Weather Regimes in a General Circulation Model

View More View Less
  • 1 Meteorology Research Center, Control Data Corporation, Minneapolis, Minnesota
  • | 2 Department of Geology and Geophysics, Yale University, New Haven, Connecticut
© Get Permissions
Full access

Abstract

Perpetual January and July simulations each 1200 days long of the NCAR Community Climate Model (CCM0B) are investigated for the existence of large scale, midlatitude weather regimes. Four realizations of the midlatitude circulation were considered: Northern Hemisphere (NH) winter, Northern Hemisphere summer, Southern Hemisphere (SH) winter, and Southern Hemisphere summer. Statistically significant bimodality appears in the planetary-wave amplitude probability density distributions in the former three cases that is very similar to that observed in the atmosphere. The probability density estimation for SH summer in the model is also similar to observations in general, but a hint of a second mode also appeared on the high amplitude tail of the distribution. The fact that the bimodality is present in a fixed external forcing simulation implies that it is not connected to changes in boundary conditions, but rather that it is internally generated.

The statistical flow regimes in physical space identified by the bimodal distributions are generally similar in the model to those in the atmosphere for NH winter and SH winter. Systematic errors in the model during NH summer preclude close comparisons to observations. Interestingly, the model's SH winter wavenumber 3 large-amplitude mode also shows bimodality in its phase. Partitioning the SH model days based on the amplitude and phase bimodality identifies three hemispheric-scale flow regimes in the SH during the perpetual July simulation. As with the observations, the time-mean circulation is not generally realized as a persistent weather regime in any of the bimodal CCM simulations.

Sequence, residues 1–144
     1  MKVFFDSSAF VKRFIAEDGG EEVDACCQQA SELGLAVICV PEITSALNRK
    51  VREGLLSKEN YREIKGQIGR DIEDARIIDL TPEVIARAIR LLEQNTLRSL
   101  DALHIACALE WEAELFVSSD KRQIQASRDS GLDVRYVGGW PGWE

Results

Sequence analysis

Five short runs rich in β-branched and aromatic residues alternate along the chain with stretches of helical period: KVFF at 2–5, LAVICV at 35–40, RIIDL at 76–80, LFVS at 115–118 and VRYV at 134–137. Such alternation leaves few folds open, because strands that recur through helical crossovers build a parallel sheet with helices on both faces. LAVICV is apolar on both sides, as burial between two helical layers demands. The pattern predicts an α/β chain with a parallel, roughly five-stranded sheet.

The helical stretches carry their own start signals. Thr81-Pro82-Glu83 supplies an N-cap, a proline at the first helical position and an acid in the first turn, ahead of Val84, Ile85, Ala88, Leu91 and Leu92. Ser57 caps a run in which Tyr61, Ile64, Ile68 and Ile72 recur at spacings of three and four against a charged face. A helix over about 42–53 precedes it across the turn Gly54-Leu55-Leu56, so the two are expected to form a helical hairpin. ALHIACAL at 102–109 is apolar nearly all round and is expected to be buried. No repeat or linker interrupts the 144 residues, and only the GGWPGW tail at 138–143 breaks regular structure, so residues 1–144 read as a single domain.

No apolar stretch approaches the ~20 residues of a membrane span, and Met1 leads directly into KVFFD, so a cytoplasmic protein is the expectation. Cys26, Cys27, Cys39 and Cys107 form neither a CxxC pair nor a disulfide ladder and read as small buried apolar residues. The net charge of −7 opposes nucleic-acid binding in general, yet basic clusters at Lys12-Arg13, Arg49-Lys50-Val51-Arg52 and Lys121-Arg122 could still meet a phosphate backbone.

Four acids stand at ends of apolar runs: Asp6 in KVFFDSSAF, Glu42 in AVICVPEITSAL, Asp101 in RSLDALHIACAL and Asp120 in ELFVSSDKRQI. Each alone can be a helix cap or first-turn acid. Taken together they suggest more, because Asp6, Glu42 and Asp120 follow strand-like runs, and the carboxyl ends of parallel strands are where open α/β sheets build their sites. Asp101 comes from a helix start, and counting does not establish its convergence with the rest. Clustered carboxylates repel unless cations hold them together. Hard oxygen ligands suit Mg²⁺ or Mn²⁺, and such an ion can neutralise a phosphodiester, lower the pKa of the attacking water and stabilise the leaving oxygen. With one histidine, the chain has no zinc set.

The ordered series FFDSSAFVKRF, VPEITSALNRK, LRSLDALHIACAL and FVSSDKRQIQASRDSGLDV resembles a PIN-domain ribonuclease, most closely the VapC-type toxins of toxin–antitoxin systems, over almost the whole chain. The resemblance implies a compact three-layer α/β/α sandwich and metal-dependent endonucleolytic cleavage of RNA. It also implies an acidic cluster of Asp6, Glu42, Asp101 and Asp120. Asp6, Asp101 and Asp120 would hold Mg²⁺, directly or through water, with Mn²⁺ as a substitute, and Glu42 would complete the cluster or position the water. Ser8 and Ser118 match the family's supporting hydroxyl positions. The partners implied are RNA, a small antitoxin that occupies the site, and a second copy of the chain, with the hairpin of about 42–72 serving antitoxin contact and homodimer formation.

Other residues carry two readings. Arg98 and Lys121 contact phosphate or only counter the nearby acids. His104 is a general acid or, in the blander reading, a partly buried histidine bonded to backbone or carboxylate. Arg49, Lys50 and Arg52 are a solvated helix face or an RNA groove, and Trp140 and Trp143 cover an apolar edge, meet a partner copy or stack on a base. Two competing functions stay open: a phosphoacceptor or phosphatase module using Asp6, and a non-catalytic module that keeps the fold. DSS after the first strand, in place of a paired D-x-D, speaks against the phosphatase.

Abstract

Perpetual January and July simulations each 1200 days long of the NCAR Community Climate Model (CCM0B) are investigated for the existence of large scale, midlatitude weather regimes. Four realizations of the midlatitude circulation were considered: Northern Hemisphere (NH) winter, Northern Hemisphere summer, Southern Hemisphere (SH) winter, and Southern Hemisphere summer. Statistically significant bimodality appears in the planetary-wave amplitude probability density distributions in the former three cases that is very similar to that observed in the atmosphere. The probability density estimation for SH summer in the model is also similar to observations in general, but a hint of a second mode also appeared on the high amplitude tail of the distribution. The fact that the bimodality is present in a fixed external forcing simulation implies that it is not connected to changes in boundary conditions, but rather that it is internally generated.

The statistical flow regimes in physical space identified by the bimodal distributions are generally similar in the model to those in the atmosphere for NH winter and SH winter. Systematic errors in the model during NH summer preclude close comparisons to observations. Interestingly, the model's SH winter wavenumber 3 large-amplitude mode also shows bimodality in its phase. Partitioning the SH model days based on the amplitude and phase bimodality identifies three hemispheric-scale flow regimes in the SH during the perpetual July simulation. As with the observations, the time-mean circulation is not generally realized as a persistent weather regime in any of the bimodal CCM simulations.

Save